Despite the rapid advances in digital and AI technology, most companies fail to deliver superior customer experiences. That's the conclusion of a recent report based on a survey of 680+ executives by Harvard Business Review Analytic Services.
What to do about this widening customer experience gap? Respondents identified four characteristics of the 15% of organizations that rate themselves as "very effective" in this area:
They have a customer-centric culture.
Management and leadership buy into a shared vision of delivering superior experiences.
They have tools that provide visibility into and understanding of the end customer experience at every stage.
They have a clear and widely communicated customer experience strategy.
Let's break these characteristics down one at a time so your organization can begin delivering at the same level as your industry's top performers.
Even small companies can find it tough to make meaningful changes without cultural support. Accordingly, HBR's survey found that 90% of executives believe a "customer-centric culture" is a necessary precursor to developing and delivering superior customer experiences.
Commenting to HBR's researchers, the president and CEO of a U.S. credit union described it as part of the DNA of his company and its business partners. "Customer experience ... has to be built into the organizational culture or it can be set aside when other priorities emerge," he said.
Practically, this sort of commitment can range from putting off everyday admin purchases so you can invest more heavily in customer service tools and skills, to training new employees on how to deliver a superior experience. A customer-centric culture leaves nothing to chance when it comes to serving customers quickly, efficiently, and in the manner they expect.
Customer-centric cultures require a bottom-up commitment, but the work doesn't start there. HBR found that 88% of executives believe top management engagement with the customer experience process is essential to success.
Engagement can take different forms. Sometimes it means setting strategy. Other times it means shaping processes and checking in on progress. Or it can be both. What matters is commitment. "Our leaders have resolved that the future of our industry is our customer," said the chief customer officer at a multi-billion dollar institutional investment and benefits provider.
If that sounds familiar, you may already be working for a customer experience leader. According to HBR's survey, what sets the leading organizations apart is an executive team that treats the customer experience as a top priority now versus an area to invest in over the next two years. Leaders know they can't wait. "Customer demand is growing and the need for speed is increasing," the credit union CEO said.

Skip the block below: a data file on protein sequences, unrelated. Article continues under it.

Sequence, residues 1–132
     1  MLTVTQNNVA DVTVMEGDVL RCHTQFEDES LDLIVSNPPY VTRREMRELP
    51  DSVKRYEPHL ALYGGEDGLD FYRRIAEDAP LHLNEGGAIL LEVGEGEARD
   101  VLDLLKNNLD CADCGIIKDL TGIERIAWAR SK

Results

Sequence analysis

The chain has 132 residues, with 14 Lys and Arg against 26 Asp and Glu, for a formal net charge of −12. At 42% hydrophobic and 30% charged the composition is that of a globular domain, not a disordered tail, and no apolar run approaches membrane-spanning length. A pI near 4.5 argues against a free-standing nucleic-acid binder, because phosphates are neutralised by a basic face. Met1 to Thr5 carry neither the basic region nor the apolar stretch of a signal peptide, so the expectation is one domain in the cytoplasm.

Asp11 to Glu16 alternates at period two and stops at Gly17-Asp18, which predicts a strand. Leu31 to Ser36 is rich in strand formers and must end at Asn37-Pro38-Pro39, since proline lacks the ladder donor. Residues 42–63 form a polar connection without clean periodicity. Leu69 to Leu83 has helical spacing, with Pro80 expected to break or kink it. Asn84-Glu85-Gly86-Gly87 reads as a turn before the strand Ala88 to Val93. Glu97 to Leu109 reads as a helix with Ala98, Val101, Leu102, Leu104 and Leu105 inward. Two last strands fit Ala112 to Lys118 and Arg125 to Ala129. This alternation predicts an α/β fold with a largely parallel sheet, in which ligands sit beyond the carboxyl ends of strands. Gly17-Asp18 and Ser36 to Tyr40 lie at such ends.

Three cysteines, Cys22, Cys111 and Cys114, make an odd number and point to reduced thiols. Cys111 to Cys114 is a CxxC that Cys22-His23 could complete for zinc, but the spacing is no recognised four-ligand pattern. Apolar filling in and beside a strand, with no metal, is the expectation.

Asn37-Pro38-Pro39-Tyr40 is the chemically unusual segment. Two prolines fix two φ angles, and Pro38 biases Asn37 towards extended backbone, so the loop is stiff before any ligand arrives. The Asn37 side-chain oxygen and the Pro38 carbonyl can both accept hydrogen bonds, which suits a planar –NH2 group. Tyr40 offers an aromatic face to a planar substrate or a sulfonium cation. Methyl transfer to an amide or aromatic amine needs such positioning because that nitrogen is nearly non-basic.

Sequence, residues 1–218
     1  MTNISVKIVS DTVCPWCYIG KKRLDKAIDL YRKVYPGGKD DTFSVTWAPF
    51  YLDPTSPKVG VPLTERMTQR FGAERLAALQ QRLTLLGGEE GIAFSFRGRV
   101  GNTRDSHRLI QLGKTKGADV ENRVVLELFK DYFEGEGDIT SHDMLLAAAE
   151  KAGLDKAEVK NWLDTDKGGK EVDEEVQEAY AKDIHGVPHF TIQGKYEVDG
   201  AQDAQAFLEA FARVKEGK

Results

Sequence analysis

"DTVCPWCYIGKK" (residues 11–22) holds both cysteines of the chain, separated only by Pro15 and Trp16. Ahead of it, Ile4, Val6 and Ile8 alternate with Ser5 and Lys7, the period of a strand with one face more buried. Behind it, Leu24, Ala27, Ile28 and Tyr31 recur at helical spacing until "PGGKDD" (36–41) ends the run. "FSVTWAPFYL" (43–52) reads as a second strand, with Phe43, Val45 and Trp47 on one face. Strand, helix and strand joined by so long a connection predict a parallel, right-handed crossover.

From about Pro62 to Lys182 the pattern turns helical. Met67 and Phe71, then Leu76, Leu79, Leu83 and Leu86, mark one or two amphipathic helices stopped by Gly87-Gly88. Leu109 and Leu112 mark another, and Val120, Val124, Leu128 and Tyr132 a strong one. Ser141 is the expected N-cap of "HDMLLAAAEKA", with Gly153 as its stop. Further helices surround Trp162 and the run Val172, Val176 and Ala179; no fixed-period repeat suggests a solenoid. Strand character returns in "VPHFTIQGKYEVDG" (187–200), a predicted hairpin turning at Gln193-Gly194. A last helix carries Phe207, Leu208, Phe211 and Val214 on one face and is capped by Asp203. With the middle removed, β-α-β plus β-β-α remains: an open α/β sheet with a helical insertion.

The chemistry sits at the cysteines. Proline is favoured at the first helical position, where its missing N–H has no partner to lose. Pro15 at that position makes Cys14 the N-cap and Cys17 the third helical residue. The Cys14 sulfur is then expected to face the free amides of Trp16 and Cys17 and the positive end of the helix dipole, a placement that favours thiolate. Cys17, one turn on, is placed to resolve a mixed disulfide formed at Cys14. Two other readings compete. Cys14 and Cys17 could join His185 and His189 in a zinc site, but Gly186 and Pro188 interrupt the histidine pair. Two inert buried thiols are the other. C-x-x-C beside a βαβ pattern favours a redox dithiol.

Nearly as important as leadership buy-in, 87% of polled executives said having the technology and infrastructure to study customer experience is crucial to making improvements and delivering at a high level.
Notably, three-quarters of organizations studied in the HBR research aren't able to fulfill this requirement. Why? They lack the technology for uniting systems that collect social, mobile, and ecommerce data to produce a single and directly accessible source of customer intelligence. Leaders insist on integration.
"We need to make sure that our customers have an optimal experience across various silos and products from start to finish," said one leader at an international financial services company that's navigating a global reorganization aimed at improving customer outcomes.
Breaking through silos to capture and analyze data about experiences at every touchpoint is crucial to making lasting improvements. But how do you know which technology to choose in support of those efforts?
Strategy is key, 86% of respondents said, because strategy precedes software decisions. These executives say their organizations must have a specific customer experience strategy that's clear and widely known. Usually, that takes time and effort.
A senior vice president of strategic analytics for a marketing software firm told HBR the process can include everything from "a well thought-out data strategy," to plans for integrating databases to expose a single view of each customer, to staff training.
"When such an exercise hasn't taken place, customer experience becomes a 'temperature-checking' exercise without the ability to quantify how improvements in key engagement areas translate into improving customer experience ... and [then] to connect those gains to economic results," he said.
Transforming organization to deliver superior customer experiences takes time, experience, and good advice to yield the greatest long-term benefit. Download the full HBR report to get further advice for closing the customer experience gap in your own organization.